I've struggled with my variant stacking to a significant degree; enough to realize that descriptions tend to be subjective, but this doesn't mean there aren't three distinct energies, with a total of six possible configurations. If you commit yourself to accepting that one of these orientations will offer the best approximation from which you can begin to track your instinctual habits, the pieces should somehow assemble to give you a strong sense of one likely stacking. For the sake of simplicity, I would avoid the descriptions on oceanmoonshine, and only use single-variant profiles as basic guidelines. It sounds like you have the search narrowed to three, with the common factor in all three of not being SX-first. SP/SO is mysteriously missing from your list, so I'm curious why you could see yourself as so/sp or sp/sx but not as sp/so.
Keep in mind also that each energy can be given any value in any individual; you could have an so/sp with the Social variant strongly defined, and the other two nearly equal, but still fit into the so/sp category; you could have an sp/sx with self-preservation and sexual almost equal, but still of the sp/sx variety.
The pattern that emerges between all three is usually a strong sense of tension and reciprocity seen in the relationship between the first two; the second is often seen as feeding into the first, giving the subvariant an infusion of energy from the middle instinct. The first is insatiable, so tries to suck as much energy as possible from the second. The third is malnourished and undeveloped, and usually marks the area of greatest clumsiness and cynicism. The personality doesn't care about the most deficient because it is weak, and it is weak due to a lack of attention. What I have noticed is that the first and last are both easy to see as imbalanced, whereas the second often becomes assimilated into the first, and is more difficult to detect distinctly.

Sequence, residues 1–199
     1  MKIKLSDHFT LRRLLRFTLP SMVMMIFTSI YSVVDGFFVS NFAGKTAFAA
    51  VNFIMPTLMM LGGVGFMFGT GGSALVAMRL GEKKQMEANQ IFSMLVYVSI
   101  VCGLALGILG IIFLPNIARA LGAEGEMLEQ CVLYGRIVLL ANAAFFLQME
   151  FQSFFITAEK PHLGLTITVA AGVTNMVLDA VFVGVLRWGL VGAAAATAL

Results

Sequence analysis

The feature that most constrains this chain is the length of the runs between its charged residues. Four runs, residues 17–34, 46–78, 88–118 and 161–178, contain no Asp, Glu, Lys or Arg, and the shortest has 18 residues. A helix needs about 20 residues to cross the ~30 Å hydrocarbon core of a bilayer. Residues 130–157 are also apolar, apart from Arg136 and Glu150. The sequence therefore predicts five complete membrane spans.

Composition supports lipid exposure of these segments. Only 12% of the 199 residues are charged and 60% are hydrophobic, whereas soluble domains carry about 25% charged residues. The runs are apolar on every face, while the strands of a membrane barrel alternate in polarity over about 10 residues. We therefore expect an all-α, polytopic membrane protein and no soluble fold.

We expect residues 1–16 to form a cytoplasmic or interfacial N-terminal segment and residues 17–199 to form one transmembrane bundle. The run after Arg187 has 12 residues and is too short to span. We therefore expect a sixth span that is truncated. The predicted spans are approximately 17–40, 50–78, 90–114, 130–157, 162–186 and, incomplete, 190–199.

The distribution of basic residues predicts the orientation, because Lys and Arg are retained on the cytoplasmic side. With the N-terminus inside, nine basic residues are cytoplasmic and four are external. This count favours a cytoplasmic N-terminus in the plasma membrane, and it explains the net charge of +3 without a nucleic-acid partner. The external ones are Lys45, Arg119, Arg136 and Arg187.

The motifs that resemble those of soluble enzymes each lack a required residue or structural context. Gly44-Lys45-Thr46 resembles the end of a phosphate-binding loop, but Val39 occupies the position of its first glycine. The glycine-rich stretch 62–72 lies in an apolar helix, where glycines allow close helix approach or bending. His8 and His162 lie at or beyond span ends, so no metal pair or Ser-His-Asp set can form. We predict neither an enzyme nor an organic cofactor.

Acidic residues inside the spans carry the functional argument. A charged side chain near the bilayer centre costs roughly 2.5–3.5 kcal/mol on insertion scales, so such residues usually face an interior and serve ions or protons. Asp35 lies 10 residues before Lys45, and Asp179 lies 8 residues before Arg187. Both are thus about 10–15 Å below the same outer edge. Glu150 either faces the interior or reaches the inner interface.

Confusing first and last is usually the result of mistaking blind spot for focal point,
Confusing first and second due to failing to see which variant is really feeding off the other,
Confusing second and third from confusing area of balance with blind spot (pretty easy to do in the case of thinking the blind spot is balanced, as the natural sense of indifference towards it can seem to easily fit into the middle slot; but this won't help its development).
I would try to disregard descriptions that are more superficial, instead distilling the instincts into three defined energies. Remember that both SO and SX are directly concerned with relating; with SO the energy is diffused over a wider range of people, with SX it is sharply channeled towards one other person. SP is about independence and survival. Whichever of those is dominant will be colored by the second, and the third will drain the personality of a certain color. Hope this helps somehow.
[HR][/HR]Edited by - awakening on 14 Aug 2009 11:05:11 AM
good stuff, same with me but I guess with my 8 passion, I focused on owning them, all of them: society, lol.I'm the youngest by a number of years of a big family. I always felt separate, but I spent a lot of time watching what went on. I think that's why a lot of social fours are considered critics/become novelists. We tend to sit along the sidelines watching how people interact and thinking about it/ focusing on our feelings/tragedy of being separate.
Yeah, exactly. It'd probably be really draining, too, if you had to rely on your last instinct for a while, but I'm sure some people would become proficient at it. I had a thought earlier today that perhaps instincts could be thought of as similar to cognitive functions: our first is our dominant, the second is auxiliary, and third is inferior. Mind you, I don't recommend this sort of thinking to most people since most people have issues separating theories, but... WellInteresting. But using that instinct because you *have* to doesn't mean that it becomes your secondary or even primary instinct right?